The world’s fastest camera has been developed. Called the T-CUP the camera operates by ‘freezing time’ at 10 trillion frames per second.
This new camera is said to be so fast it can freeze time to see any phenomena, even light. This is achieved because the camera operates in extremely slow motion. The camera has been built by technologists at Institut national de la recherche scientifique – INRS.
The development of the camera has been described in two journal articles. The first is in Light: Science & Applications (“Single-shot real-time femtosecond imaging of temporal focusing“). This article discusses the ability of T-CUP to capture ten trillion (10 to the power of 13) frames per second. This is a result of the narrowing of the junction between innovations in non-linear optics and imaging. The second article is published in Optica (“Single-shot ultrafast optical imaging“), which discusses the technology behind single-shot ultrafast optical imaging.
The new camera builds upon compressed ultrafast photography, which works at 100 billion frames per second. This method was integrated with femtosecond lasers. The T-CUP system was developed as a femtosecond streak camera that incorporates a data acquisition type of technology widely used in applications like tomography.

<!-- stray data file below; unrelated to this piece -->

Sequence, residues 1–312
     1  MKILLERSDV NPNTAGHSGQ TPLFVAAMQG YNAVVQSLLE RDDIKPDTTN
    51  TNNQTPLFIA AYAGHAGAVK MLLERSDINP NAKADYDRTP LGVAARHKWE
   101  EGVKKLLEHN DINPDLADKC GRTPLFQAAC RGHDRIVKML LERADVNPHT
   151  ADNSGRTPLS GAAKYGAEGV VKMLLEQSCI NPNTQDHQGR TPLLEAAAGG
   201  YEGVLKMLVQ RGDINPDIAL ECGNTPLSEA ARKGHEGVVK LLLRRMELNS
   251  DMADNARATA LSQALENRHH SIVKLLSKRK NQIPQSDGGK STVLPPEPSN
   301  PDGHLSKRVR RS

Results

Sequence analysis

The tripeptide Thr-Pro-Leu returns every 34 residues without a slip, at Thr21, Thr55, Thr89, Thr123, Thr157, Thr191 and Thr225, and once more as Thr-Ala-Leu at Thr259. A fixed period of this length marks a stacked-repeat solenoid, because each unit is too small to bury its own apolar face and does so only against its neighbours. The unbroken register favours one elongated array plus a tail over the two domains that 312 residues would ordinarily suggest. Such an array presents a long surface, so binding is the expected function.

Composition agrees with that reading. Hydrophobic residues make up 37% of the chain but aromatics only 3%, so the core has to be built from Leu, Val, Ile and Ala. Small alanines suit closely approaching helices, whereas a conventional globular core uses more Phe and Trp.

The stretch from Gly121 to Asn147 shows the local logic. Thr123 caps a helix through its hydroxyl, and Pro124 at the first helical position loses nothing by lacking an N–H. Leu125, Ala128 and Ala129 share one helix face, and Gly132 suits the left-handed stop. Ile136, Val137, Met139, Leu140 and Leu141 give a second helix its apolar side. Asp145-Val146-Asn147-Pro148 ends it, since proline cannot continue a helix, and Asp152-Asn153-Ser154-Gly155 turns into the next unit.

According to lead researcher Professor Lihong Wang: “We added another camera that acquires a static image. Combined with the image acquired by the femtosecond streak camera, we can use what is called a Radon transformation to obtain high-quality images while recording ten trillion frames per second.”
The camera has been used to set the the world record for real-time imaging speed. In terms of practical applications, the camera can be used to assist with the development of a new generation of microscopes for use with biomedical or materials sciences.